Relevant answer
Answer
Are you looking for something like this? http://en.cnki.com.cn/Article_en/CJFDTotal-ZJSX200901028.htm
  • asked a question related to Comparative Literature
Question
6 answers
I am currently researching the  regional writings from North East India. Writers from this regions show a tendency to tap into their remembered history and transform tales, legends, proverbs and anecdotes into written form. 
Relevant answer
Answer
Thank you for your insightful comments.
  • asked a question related to Comparative Literature
Question
2 answers
Hi Paul,
I have heard you mention this project and was just curious about its time frame.... because many of us need the results..... Also found your three issues of JEA Research from 1991 & 1992..... GREAT pieces and now have permission to put in the Archive... will let you know once officially accepted.... Great piece of EAP history from what I understand was an interesting negotiations..... Best!
Relevant answer
Answer
My apologies...
  • asked a question related to Comparative Literature
Question
9 answers
I recently was going over some data compiled by the Ethnologue and soon discovered that the number of speakers listed exceeded the population for certain countries/regions.  Due to diasporas and communities of expats throughout the world, this did not altogether surprise me, but knowing that many countries are inhabited with people speaking many different languages, it made me wonder what percentage of inhabitants within each country spoke the official language of the country.
In the process, I have found that tracking down these percentages is proving to be a bit difficult.  Thus far, I've resorted to cobbling them together from a number of different sources and even making an educated guess for some of them.  This is not the ideal solution for collecting these figures, especially since I've already seen some pretty wide discrepancies.  For example, one source told me that only 72 percent of Spain's population speaks Spanish, while another told me that this percentage is 98.8 percent.
Relevant answer
Answer
no. no so definitely that it isn't worth trying to find one.
as for Ethnologue specifically, they are very strongly biased toward considering what many people would consider as dialects as distinct languages. Ethnologue is also part of SIL, so if you're looking for information on languages spoken in different places, SIL will give you the link to Ethnologue.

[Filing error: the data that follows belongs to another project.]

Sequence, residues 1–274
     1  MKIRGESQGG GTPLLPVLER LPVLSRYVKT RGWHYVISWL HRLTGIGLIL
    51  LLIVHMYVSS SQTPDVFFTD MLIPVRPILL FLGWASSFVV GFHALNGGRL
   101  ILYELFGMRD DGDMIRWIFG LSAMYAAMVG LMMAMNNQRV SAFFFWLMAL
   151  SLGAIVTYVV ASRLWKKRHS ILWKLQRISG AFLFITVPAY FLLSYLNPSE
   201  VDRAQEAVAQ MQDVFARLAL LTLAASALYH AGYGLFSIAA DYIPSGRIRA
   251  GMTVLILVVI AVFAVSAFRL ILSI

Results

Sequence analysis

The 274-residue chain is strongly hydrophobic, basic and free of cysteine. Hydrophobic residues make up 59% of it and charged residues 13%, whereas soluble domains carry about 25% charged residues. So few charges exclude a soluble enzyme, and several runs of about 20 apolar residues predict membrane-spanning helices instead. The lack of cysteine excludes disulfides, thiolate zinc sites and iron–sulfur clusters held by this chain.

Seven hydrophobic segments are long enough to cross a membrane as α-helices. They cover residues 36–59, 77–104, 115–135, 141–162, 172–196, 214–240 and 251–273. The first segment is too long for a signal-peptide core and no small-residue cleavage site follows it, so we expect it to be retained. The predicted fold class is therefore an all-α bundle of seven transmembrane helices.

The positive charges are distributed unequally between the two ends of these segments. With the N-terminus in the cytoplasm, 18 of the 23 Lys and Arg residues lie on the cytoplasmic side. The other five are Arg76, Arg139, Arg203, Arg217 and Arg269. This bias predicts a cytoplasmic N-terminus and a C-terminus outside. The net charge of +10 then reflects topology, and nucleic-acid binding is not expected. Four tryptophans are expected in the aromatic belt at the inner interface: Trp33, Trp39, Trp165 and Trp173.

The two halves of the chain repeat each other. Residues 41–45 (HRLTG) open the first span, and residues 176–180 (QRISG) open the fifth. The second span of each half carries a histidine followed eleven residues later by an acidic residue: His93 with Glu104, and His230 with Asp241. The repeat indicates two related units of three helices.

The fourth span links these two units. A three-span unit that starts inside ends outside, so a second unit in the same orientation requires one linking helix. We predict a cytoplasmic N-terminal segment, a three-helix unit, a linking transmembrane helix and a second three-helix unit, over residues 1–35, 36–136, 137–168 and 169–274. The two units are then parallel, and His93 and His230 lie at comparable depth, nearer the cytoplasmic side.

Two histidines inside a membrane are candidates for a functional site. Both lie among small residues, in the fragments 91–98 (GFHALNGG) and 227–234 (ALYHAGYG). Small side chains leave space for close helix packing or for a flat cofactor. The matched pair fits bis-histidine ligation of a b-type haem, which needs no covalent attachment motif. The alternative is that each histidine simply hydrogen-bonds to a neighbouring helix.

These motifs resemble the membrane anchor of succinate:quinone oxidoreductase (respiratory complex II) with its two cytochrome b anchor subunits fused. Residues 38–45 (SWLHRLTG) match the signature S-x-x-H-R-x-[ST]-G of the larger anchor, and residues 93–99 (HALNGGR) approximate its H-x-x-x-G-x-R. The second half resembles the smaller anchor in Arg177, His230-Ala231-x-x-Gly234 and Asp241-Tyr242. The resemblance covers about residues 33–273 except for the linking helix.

and the CIA Factbook lists Spanish as the only language spoken in Colombia. that's enough to render it unreliable. then there's the United States. even if you want to accept what it says, which is not a good idea, data at the level of "other Indo-European languages" and "Asian and Pacific Island" isn't what you seem to be looking for.
also, no one knows how many languages (and we are pretending that we have a definition of language right now) are spoken in the regions of the world that are geographically characterized with very dense vegetation or mountains, or both. these would include, at the minimum, the Amazon-Orinoco-Ucayali-Xingu river system in South America, the Congo River system with its tributaries and the mountainous area in the Great Lakes region adjacent to it, the inner region of southeast Asia, and New Guinea and the Solomon Islands.
  • asked a question related to Comparative Literature
Question
102 answers
Literature is a social document of contemporary society. Literature expand our imaginations and refine our moral and social sensibilities. We need to go beyond the appeal to common experience and into the territory of psychological research. people are more prone to do that when the story is set away from home. The emotional situations and moral dilemmas that are the stuff of literature are also exercise for the brain studies suggest, increasing our real-life. We also become sensitive towards other human beings. And our family and social relations depend upon our sensitivity towards others. In literature it is used for the cleansing of emotions of the characters. It can also be any other radical change that leads to emotional rejuvenation of a person.
Relevant answer
Answer
I agree with Prof. Judeh's view. I consider that the positive impact of literature on emotional and social rejuvenation of a person is noticeable.
  • asked a question related to Comparative Literature
Question
6 answers
I use an institutional search facility that goes through 200+ databases, then collates the returns by discipline, subject, year etc.  It is great for getting an idea of where information comes from.
I use Google Scholar as an alternative (87-100% comparative accuracy when tested with published studies). Unfortunately, it just gives you a list of returns & the 'relevance' sorting is unreliable.  This means you have to go through each page, analysing & classifying individual items.
Q.  Other than manual cut/paste + analysis, has anyone got ideas how these returns can be presented in terms of information type etc. ?
Relevant answer
Answer
The Relevance of a Research paper is really required to be judged by you, the researcher, because only you know how well the paper relates to your current research work. This cannot yet be assessed reliably by a machine.
Proxies such as recency, number of inward or outward citations are poor proxies, as they do not take into account your research interests.
So you really need to assess your Relevance manually.
  1. In Scholar settings, push up results per page from 10 to 20.
  2. Use Qiqqa to Grab all PDFs on the page (i.e. 20 returns).
  3. Use Qiqqa Sniffer to find the bibliographic details.
  4. Use Qiqqa to Autotag all PDFs grabbed.
  5. Use Qiqqa to classify the themes automatically.
  6. Otherwise, tag the PDFs manually with your own categories such as discipline.
  7. Use Qiqqa relevance scale 1-5 so that you can sort them according to relevance to your research.
  8. Use Qiqqa annotation report to produce reports on themes.